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TitleTools and Case Studies
LanguageEnglish
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Document Text Contents
Page 1

2

Tools and Case Studies

PART

Introduction

In part 2 of this Sourcebook we describe and illustrate in greater detail a
range of tools that are available for conducting institutional, political, and
social analysis of policy reform. We follow the analytical framework laid
out in part 1 by discussing tools at three levels of analysis: the macro-
level of country and reform context, the meso-level of reform imple-
mentation, and the micro-level of reform impact.

For each tool a one-page table summarizes its key elements and appli-
cation, followed by a description of the procedure for applying the tool
and a case study illustration. The micro-level is further illustrated with
case studies of combined methods used to analyze the distributional
impacts of policy reform in different contexts.

Page 86

PART 2: Tools and Case Studies

Literature Review Procedure, Using Systematic Review Method1

Time, Materials, and Skills Needed

Conducting a literature review using a systematic review method could take up to six

months, depending on scope and rigor of the research. The researcher needs analyti-

cal skills and a good knowledge of the subject area if possible.

Possible Approach

Step 1: Formulate an Answerable Research Question. When identifying the
subject for a literature review in a PSIA context, a central question should be pro-

posed that addresses the policy intervention about which evidence is being gathered,

the population and sub-groups that the policy might affect, the intended policy

outcomes, and the context.

Step 2: Search for Relevant Studies and Literature. Plan a strategy for searching
for relevant literature from appropriate electronic/internet sources; appropriate

print sources (such as journals, textbooks, research documents); and “grey” (unpub-

lished) literature.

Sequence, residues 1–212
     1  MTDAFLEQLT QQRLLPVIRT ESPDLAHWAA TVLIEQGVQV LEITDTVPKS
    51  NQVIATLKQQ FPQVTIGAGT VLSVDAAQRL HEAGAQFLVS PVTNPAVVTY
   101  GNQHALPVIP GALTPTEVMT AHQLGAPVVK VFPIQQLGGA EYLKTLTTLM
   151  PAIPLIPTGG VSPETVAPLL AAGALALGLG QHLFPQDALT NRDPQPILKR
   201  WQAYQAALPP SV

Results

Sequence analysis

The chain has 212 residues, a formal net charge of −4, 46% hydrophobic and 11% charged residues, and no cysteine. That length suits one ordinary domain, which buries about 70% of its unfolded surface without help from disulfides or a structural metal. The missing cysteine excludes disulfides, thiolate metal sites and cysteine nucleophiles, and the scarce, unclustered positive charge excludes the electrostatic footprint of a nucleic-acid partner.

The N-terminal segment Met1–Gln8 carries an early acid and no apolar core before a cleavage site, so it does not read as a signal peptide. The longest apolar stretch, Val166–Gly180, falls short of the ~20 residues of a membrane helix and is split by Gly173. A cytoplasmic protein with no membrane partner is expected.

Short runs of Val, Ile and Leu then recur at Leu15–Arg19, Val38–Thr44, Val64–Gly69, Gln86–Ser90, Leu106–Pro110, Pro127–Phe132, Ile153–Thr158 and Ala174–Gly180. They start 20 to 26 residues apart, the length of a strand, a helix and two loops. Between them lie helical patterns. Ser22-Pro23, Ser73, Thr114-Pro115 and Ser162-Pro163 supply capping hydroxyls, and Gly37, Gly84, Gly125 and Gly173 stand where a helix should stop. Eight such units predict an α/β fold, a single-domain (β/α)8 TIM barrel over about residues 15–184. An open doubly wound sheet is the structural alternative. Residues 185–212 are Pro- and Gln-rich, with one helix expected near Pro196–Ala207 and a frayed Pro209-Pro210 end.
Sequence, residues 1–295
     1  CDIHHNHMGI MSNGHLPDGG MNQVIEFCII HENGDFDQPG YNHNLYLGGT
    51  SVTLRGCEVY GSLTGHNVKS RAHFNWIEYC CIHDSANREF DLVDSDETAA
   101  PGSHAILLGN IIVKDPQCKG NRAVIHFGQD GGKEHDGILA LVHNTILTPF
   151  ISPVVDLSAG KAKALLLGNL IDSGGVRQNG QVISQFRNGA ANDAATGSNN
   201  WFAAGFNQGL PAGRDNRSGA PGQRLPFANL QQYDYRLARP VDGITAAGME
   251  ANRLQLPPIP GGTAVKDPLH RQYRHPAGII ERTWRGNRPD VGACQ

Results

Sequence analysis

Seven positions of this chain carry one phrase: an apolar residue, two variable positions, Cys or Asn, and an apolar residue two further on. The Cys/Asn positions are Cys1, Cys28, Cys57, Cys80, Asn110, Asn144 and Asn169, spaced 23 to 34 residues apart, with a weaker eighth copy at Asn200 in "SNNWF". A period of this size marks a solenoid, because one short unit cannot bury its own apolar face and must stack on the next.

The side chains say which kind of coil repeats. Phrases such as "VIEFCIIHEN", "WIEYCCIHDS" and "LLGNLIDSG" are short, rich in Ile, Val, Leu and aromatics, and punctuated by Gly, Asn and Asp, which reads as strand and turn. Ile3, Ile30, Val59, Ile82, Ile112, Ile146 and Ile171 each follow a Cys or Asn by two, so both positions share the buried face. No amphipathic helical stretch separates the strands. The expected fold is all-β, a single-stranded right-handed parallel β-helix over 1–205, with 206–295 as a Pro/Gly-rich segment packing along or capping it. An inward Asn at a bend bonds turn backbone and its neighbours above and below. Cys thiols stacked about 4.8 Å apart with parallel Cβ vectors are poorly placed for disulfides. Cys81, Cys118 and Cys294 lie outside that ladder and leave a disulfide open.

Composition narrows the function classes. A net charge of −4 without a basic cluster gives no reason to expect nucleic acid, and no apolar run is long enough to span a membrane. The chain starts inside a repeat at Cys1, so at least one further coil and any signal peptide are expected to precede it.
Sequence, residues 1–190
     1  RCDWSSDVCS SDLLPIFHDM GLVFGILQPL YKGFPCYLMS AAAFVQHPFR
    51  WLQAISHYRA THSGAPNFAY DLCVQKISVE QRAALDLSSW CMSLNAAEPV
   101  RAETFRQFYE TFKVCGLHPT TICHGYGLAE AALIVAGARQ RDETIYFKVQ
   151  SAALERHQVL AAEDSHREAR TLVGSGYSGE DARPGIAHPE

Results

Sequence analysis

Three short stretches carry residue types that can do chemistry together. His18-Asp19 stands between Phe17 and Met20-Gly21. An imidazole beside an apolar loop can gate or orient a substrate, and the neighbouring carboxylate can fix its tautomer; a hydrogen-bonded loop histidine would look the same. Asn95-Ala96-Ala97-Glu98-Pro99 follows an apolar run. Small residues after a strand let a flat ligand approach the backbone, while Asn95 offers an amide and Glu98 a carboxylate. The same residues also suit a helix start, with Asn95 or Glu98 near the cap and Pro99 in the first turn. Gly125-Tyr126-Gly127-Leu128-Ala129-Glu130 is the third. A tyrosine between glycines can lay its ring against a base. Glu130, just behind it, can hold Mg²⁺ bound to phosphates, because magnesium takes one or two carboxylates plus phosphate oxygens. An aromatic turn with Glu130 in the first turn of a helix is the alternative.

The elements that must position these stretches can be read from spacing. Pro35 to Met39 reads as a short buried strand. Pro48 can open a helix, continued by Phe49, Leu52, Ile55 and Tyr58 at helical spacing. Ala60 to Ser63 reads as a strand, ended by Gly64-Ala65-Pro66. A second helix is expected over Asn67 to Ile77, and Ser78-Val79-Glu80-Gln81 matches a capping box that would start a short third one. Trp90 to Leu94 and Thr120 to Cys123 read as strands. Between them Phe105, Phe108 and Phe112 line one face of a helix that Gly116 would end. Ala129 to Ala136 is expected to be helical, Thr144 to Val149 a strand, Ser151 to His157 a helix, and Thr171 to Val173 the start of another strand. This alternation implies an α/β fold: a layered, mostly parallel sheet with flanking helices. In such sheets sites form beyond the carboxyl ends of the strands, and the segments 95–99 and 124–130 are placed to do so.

Step 3: Critically Appraise the Literature Found. Establish criteria for including
or excluding primary studies and then assess the literature for quality and validity

based on its appropriateness to the questions, populations, and outcomes being

addressed as well as the evidence of selection, performance, attrition, or detection

bias in primary studies.

Step 4: Systematically Extract Data from the Literature. Plan a strategy for
extracting data from the literature that meets the criteria established. The strategy

should include a data collection form recording how and why data were extracted

from included studies; information about the characteristics of included studies;

verification of study eligibility for the review; details of study characteristics, meth-

ods, participants (that is, populations and subgroups), interventions, outcomes, and

findings; and a reliability check for data collection/extraction.

Step 5: Analyze and Present the Findings. Analyze and present the findings of the
included studies by addressing the following questions:

• What comparisons should be made (for example, by interventions studied,

participants included, outcomes measured)?

9

186

Page 87

CHAPTER 9: Micro-Level Analysis
9

• What study results are needed for each comparison?

• What assessments of validity are to be used in the analysis?

• Is other data or information needed from authors of studies included in the

review?

• Do the data from different studies need to be transformed for the review’s analysis?

• How is the heterogeneity/homogeneity of studies to be determined?

• Is a meta-analysis of findings possible?

• What are the main findings of the review?

• What are the likely effect sizes of the proposed policy intervention, net of the

counterfactual?

• What are the main caveats and qualifications of the findings of this review?

Step 6: Interpret the Findings. When interpreting the findings of the review, the
following questions should be addressed:

• What is the strength of the evidence from the review?

• How applicable are the results of the review to “real life” policy and practice?

• What does the review say about the costs and benefits of the proposed

intervention?

• What trade-offs are suggested by the review between expected benefits, harm, and

costs (including opportunity costs)?

• What mediating factors emerge from the review that might affect the implications

for policy and practice in different contexts?

Step 7: Summarize the Implications for Policy and Practice. Once the findings
have been interpreted, the key messages and implications for policy making or

implementation should be summarized clearly and succinctly. Important messages

regarding future research needs in the area covered by the literature review should

also be summarized.

Points to Remember

While conducting a literature review using the systematic review method allows for

a clear procedure to be followed, it might not always be either possible or necessary.

187

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ISBN: 0-8213-6890-7

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